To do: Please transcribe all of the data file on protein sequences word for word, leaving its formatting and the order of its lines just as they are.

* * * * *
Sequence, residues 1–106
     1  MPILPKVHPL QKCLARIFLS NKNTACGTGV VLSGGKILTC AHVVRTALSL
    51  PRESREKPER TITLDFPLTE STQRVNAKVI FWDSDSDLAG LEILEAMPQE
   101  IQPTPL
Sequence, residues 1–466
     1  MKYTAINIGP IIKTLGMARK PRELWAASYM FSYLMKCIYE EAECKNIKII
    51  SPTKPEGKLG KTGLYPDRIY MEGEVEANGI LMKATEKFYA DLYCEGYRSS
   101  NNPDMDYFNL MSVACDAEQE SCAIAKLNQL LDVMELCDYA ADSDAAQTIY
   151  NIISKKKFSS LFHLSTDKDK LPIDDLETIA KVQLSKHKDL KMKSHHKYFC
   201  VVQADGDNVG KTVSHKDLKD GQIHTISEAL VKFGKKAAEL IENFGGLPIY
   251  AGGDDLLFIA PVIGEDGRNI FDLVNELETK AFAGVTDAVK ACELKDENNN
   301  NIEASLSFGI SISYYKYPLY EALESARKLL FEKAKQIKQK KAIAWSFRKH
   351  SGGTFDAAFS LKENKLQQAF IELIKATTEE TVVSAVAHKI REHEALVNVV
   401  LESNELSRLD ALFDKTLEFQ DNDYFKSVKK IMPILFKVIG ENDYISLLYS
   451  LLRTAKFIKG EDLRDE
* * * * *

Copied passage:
Sequence, residues 1–106
     1  MPILPKVHPL QKCLARIFLS NKNTACGTGV VLSGGKILTC AHVVRTALSL
    51  PRESREKPER TITLDFPLTE STQRVNAKVI FWDSDSDLAG LEILEAMPQE
   101  IQPTPL
Sequence, residues 1–466
     1  MKYTAINIGP IIKTLGMARK PRELWAASYM FSYLMKCIYE EAECKNIKII
    51  SPTKPEGKLG KTGLYPDRIY MEGEVEANGI LMKATEKFYA DLYCEGYRSS
   101  NNPDMDYFNL MSVACDAEQE SCAIAKLNQL LDVMELCDYA ADSDAAQTIY
   151  NIISKKKFSS LFHLSTDKDK LPIDDLETIA KVQLSKHKDL KMKSHHKYFC
   201  VVQADGDNVG KTVSHKDLKD GQIHTISEAL VKFGKKAAEL IENFGGLPIY
   251  AGGDDLLFIA PVIGEDGRNI FDLVNELETK AFAGVTDAVK ACELKDENNN
   301  NIEASLSFGI SISYYKYPLY EALESARKLL FEKAKQIKQK KAIAWSFRKH
   351  SGGTFDAAFS LKENKLQQAF IELIKATTEE TVVSAVAHKI REHEALVNVV
   401  LESNELSRLD ALFDKTLEFQ DNDYFKSVKK IMPILFKVIG ENDYISLLYS
   451  LLRTAKFIKG EDLRDE